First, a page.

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Note that $F=\Bbb Q(\sqrt 2+i)\subseteq \Bbb Q(\sqrt 2, i)=\Bbb Q(\zeta_8)=K$ and that indeed it is equal to $K$ because all four non-trivial Galois elements act non-trivially on the field generator, $\sqrt 2+i$, so $F$ cannot be a proper subfield of $K$ by the Fundamental Theorem of Galois Theory. But then since the field is cyclotomic, we know the integer ring is just $\mathcal{O}_K=\Bbb Z[\zeta_8]$.

Note that even from the start you can see your answer cannot be correct (or at least not minimally correct) because you have $5$ elements in a basis, but even without knowing $F=K$: since $F\subseteq K$ we have $[F:\Bbb Q]\le [K:\Bbb Q]=4$ so the integer ring is at most a rank-$4\;$ module over $\Bbb Z$.


Addendum

Per the op's follow-up question as to whether a different version of his candidates would work, we note that two bases for a finitely-generated, free $\Bbb Z$-module differ by an element of $SL_n(\Bbb Z)$. In our case $n=4$ and his basis options candidate is $\{1, i,\sqrt 2,i\sqrt 2\}$. Let us make a choice of $i$ so that $i=\zeta_8^2$ for simplicity--this is a formality just to avoid specific embeddings into $\Bbb C$, if you want to say $i=e^{i\pi /2}$ and $\zeta_8=e^{i\pi/4}$ it changes nothing.

Then let me reorder the new basis candidate as $\{1, \sqrt 2, i, i\sqrt 2\}$ for ease of the computation. Then using $\zeta_8^{-1}=\zeta_8^7=-\zeta_8^3$ the matrix is determined by

$$\begin{cases} 1\mapsto 1 \\ \zeta_8\mapsto \zeta_8+\zeta_8^{-1}=\zeta_8-\zeta_8^3 \\ \zeta_8^2\mapsto \zeta_8^2 \\ \zeta_8^3\mapsto i\sqrt 2 = \zeta_8^2(\zeta_8+\zeta_8^{-1})=\zeta_8^3+\zeta_8 \end{cases}$$

Then the matrix is given by

$$M=\begin{pmatrix} 1 & 0 & 0 & 0 \\ 0 & 1 & 0 & -1 \\ 0 & 0 & 1 & 0 \\ 0 & 1 & 0 & 1 \end{pmatrix}$$

which has determinant $2$, so your basis is inadmissible, even removing $e$.

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    $\begingroup$ My gut tells me that this is the right answer. But there are several things I had to look up and have yet to fully understand. First, $\zeta_8 = \sqrt i$, right? And $(\sqrt i)^8 = 1$? And $$\sqrt i = \frac{\sqrt 2 + \sqrt{-2}}{2},$$ so that $$\Re(\sqrt i) = \Im(\sqrt i) = \frac{1}{2}$$ ($\Im(a + bi) = b$ rather than $bi$). I admit, $e(\sqrt 2 + i)$ was a silly mistake on my part. Can we salvage $a, b, c, d,$ even though that might not be efficient? And then would those be drawn from $\textbf Z[\frac{1}{2}]$? $\endgroup$ – David R. Mar 10 '17 at 22:23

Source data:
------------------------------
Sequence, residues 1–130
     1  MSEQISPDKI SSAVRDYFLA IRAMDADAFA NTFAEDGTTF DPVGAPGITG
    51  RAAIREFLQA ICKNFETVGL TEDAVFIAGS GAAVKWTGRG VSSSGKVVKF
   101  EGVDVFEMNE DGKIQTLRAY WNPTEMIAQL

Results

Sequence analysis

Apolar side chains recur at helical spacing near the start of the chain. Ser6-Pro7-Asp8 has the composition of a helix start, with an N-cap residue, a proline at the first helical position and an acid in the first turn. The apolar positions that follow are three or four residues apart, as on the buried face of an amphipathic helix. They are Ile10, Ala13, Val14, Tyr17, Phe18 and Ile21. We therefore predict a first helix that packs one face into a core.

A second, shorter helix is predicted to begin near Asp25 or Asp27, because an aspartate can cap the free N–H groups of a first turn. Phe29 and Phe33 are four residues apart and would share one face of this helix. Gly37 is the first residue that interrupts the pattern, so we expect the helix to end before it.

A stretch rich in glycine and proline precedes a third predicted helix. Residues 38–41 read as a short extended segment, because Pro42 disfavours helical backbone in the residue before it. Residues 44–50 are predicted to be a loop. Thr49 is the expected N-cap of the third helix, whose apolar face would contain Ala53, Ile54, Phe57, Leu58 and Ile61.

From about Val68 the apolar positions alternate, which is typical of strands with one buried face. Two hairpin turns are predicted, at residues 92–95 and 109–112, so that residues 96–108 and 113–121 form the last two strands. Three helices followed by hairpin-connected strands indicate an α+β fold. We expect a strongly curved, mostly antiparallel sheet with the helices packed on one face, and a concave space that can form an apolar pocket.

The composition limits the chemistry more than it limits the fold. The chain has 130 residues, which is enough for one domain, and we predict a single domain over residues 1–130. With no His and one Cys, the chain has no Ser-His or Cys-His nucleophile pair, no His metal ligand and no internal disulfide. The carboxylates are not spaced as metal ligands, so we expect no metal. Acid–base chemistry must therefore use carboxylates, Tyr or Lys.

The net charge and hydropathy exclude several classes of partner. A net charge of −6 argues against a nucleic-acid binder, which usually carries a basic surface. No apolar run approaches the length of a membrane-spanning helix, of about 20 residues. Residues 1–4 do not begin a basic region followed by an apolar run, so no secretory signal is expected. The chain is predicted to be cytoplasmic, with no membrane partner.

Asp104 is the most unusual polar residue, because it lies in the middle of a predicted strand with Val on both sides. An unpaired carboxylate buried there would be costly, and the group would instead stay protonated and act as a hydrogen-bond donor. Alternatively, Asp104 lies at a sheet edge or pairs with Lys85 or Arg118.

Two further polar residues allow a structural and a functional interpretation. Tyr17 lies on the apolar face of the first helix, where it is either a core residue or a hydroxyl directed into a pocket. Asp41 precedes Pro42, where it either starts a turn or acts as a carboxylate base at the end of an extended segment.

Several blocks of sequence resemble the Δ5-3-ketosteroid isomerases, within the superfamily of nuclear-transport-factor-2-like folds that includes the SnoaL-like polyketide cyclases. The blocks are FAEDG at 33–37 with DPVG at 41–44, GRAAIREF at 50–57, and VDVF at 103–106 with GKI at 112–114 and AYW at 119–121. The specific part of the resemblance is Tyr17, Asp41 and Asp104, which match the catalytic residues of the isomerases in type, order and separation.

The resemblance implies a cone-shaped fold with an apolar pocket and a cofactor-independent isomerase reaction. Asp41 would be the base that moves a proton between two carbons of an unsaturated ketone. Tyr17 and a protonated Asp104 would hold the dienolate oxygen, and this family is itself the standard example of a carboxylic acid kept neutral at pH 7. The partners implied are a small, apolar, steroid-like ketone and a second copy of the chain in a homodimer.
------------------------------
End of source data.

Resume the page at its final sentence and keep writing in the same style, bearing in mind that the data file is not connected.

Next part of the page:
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    $\begingroup$ Hey @DavidR. Yes, $\zeta_8$ is something which squares to $\pm i$. You're a bit off though, first of all there are multiple $8^{th}$ roots of unity, you've chosen a particular one, and for that one $\Re(\zeta_8)=\Im(\zeta_8){1\over\sqrt 2}$ not ${1\over 2}$. In general you should try to avoid explicit embeddings into $\Bbb C$ to keep things purely algebraic. To see if another basis candidate is a valid one you need only see if the matrix $A\in GL_4(\Bbb Z)$ which takes $1, \zeta_8, \zeta_8^2,\zeta_8^3$ to your candidate is invertible, i.e. it is in $SL_4(\Bbb Z)$. I will edit to illustrate. $\endgroup$ – Adam Hughes Mar 10 '17 at 22:34
  • $\begingroup$ @DavidR. there you go, an expanded answer. Even without $e$ your candidate basis fails. $\endgroup$ – Adam Hughes Mar 10 '17 at 22:45
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One question you should ask yourself immediately is what the field $\mathbb{Q}(i+\sqrt{2})$ is; did you prove that it is equal to $\mathbb{Q}(i, \sqrt{2})$? If so, you can ignore $i+\sqrt{2}$ and focus on $1, i, \sqrt{2},$ and $\sqrt{-2}$. And yes, you should know that $\sqrt{2}+1$ is a unit; its inverse is $\sqrt{2}-1$.

So now the question is what the integers are in $\mathbb{Q}(i, \sqrt{2})$. Can you show that $\frac{\sqrt{2}+\sqrt{-2}}{2}$ is an integer? If you do that, then I claim that this and $1, i, \sqrt{2}$ span the integers. Do you know any methods to prove that some numbers span the set of integers?

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  • $\begingroup$ This is impossible, the module has rank four. This is about algebraic integers too, you seem to potentially think this is about rational integers. $\endgroup$ – Adam Hughes Mar 7 '17 at 22:57
  • $\begingroup$ @AdamHughes Yeah, spanned by $1, i, \sqrt{2}$ and $\frac{\sqrt{2}+\sqrt{-2}}{2}$. What's the problem? $\endgroup$ – Bob Jones Mar 7 '17 at 22:59
  • $\begingroup$ Oh I see, your pronouns were confusing me, but I see it now: I retract that objection. $\endgroup$ – Adam Hughes Mar 7 '17 at 23:01
  • $\begingroup$ @AdamHughes Also, I'm confused by your other objection. When I say that this thing is an integer, how could I be talking about rational integers...? $\endgroup$ – Bob Jones Mar 7 '17 at 23:02
  • $\begingroup$ I meant the original written objection in its entirety in my retraction. $\endgroup$ – Adam Hughes Mar 7 '17 at 23:03